Final Consensus: Was Heroes V a step in the right direction?

The new Heroes games produced by Ubisoft. Please specify which game you are referring to in your post.

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Was Heroes V a step in the right direction?

Yes
46
64%
No, It was a step backwards from the NWC era
26
36%
 
Total votes: 72

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Deadguy118
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Final Consensus: Was Heroes V a step in the right direction?

Postby Deadguy118 » Mar 19 2010, 5:39

I figure, that since we are reaching the 4th anniversary of Heroes V soon (wow, has it really been that long?) and with plenty of hints about a Heroes VI it's time for a conclusive answer to the question whether or not it was a step in the right direction for the series as a whole, and implicitly what our expectations for Heroes VI and the rest of the Might and Magic series are.

Personally, I say yes, although Heroes V really didn't become a worthy (or at least semi-worthy) successor to the franchise until after Tribes of the East came out.

Say what you will about game balance, the super generic fantasy world, or the questionable AI, many of the changes to Heroes V were smart, such as the initiative mechanic and the skill system which was a nice compromise between the 1-2-3 separate skills of Heroes III and the highly sectioned skill system of Heroes IV. And although Alternate Upgrades are kind of a mess balance-wise, they are at least good on paper, and I would like to see them in the next game in the series.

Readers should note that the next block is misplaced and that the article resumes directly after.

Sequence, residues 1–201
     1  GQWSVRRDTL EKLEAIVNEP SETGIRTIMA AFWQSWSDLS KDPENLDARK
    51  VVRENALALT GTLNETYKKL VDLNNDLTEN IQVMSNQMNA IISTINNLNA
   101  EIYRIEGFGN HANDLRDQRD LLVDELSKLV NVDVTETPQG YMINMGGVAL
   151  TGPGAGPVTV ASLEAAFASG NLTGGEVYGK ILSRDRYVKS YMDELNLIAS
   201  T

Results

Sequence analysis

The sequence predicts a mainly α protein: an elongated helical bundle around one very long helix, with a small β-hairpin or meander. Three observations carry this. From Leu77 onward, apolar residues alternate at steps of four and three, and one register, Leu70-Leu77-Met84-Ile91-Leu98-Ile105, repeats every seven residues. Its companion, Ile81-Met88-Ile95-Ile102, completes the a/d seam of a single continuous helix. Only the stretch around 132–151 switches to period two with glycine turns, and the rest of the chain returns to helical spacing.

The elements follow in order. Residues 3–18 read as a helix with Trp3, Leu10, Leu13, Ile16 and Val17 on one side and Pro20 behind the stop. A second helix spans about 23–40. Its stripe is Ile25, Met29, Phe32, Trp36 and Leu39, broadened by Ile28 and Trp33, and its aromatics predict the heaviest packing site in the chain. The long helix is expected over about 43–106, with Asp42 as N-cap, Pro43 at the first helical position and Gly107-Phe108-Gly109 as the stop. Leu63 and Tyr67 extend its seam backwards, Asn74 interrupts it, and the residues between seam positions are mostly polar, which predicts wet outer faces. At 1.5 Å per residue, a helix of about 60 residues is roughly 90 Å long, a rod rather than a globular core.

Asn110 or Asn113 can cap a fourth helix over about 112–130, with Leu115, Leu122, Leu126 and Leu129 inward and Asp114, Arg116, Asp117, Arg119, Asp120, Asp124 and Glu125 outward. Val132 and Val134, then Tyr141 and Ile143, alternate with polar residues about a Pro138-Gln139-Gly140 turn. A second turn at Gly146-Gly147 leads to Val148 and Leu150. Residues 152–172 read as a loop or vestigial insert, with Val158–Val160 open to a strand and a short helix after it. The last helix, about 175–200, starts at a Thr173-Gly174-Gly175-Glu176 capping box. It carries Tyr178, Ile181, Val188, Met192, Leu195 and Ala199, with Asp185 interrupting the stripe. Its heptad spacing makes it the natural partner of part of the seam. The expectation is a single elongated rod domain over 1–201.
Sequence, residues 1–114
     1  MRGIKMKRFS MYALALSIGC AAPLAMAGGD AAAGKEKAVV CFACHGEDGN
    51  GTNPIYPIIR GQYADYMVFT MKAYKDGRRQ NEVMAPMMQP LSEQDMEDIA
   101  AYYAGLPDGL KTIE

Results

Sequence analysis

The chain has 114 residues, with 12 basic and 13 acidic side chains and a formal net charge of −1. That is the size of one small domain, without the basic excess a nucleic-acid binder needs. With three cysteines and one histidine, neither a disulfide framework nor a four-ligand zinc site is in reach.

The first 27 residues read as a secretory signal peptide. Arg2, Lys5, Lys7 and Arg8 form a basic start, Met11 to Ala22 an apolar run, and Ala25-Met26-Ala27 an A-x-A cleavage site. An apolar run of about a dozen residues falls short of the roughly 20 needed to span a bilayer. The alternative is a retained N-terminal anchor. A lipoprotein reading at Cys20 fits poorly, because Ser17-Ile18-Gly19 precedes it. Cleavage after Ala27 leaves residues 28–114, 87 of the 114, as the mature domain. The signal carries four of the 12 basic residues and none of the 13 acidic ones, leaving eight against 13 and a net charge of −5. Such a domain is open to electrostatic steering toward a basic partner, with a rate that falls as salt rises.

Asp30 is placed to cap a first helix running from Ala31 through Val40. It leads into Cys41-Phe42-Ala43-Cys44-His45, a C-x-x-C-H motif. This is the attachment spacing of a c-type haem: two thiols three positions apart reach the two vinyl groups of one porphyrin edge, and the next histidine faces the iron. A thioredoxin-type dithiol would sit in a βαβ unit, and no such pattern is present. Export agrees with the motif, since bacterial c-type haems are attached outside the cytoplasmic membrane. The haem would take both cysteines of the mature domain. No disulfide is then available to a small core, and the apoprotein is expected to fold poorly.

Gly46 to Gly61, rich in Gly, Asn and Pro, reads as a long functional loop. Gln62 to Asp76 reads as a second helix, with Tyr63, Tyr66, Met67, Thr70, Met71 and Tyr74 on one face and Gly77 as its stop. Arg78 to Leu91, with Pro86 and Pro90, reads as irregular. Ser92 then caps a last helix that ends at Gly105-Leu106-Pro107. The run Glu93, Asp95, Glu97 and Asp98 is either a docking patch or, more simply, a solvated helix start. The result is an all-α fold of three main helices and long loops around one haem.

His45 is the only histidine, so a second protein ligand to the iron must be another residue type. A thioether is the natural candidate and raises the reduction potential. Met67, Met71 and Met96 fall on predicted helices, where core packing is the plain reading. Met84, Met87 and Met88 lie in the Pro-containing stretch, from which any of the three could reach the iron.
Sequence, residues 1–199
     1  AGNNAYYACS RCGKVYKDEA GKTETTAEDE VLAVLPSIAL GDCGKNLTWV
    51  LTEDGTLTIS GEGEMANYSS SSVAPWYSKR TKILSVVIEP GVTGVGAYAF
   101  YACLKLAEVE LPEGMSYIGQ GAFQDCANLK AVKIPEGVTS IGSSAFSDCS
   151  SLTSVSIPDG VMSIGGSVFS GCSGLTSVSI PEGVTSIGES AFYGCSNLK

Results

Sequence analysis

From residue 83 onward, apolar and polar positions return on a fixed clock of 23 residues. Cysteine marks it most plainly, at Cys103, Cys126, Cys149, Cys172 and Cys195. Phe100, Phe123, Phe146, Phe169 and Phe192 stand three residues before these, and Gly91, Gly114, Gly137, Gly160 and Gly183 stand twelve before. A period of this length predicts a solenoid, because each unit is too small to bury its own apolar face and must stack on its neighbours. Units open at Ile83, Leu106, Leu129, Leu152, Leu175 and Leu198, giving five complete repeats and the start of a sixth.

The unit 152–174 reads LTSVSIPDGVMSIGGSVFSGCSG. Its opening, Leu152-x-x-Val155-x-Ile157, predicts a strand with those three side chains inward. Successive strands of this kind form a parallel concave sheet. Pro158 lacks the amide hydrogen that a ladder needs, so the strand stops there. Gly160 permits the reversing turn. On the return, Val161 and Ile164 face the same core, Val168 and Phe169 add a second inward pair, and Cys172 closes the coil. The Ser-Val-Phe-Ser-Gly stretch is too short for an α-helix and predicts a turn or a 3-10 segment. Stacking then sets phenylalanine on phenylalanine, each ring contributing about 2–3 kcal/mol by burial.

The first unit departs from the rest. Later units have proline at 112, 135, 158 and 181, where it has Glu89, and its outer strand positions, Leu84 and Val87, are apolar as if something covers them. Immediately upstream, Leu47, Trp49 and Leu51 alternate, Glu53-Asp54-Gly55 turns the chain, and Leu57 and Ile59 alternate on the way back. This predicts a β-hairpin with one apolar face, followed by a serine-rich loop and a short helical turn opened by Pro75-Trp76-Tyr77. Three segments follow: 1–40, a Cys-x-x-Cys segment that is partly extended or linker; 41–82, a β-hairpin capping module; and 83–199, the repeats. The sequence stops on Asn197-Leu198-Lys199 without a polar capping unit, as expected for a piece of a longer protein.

But that's my two cents. What's yours?
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Postby Corelanis » Mar 19 2010, 6:13

I overall think that HV was a step in the right direction it got what I thought would become a dead franchise up again. The initiative and skill systems, including racial specials were a major improvement over HIII and HIV so several paces the right way there. The alternate upgrades were also a good addition but could have been better done so small step there. The town themes were a major (Dungeon and Fortress oh god fortress :disagree:) step backward and the lack of flagging mills was also a small step back. All the 3d crap was a side step in the wrong direction. The lack of purple insect fairy dragons was a major step back from HIII.
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Postby Dstr » Mar 19 2010, 9:11

H5 was not a step in the right direction after the NWC/3DO went bankrupt... first as I don't like the 3d...you have to change camera so that you won't lose by mistake some wood, ore even gold... also there are too many skills and a complicated system which we should learn so that you can cope with human players. still it's great the imba DD, fly, logistics specialty disappeared ;)
h5 i think is better than h4, so you can tell from this point of view it's a step forward but compared to h2/h3 it's not!

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Postby wimfrits » Mar 19 2010, 9:33

Some improvements and new ideas. Also some forgetting of lessons learned in the step from H3 to H4.

Overall I vote negative because of the reintroduction of exploitable features.
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Postby TheUndeadKing » Mar 19 2010, 22:35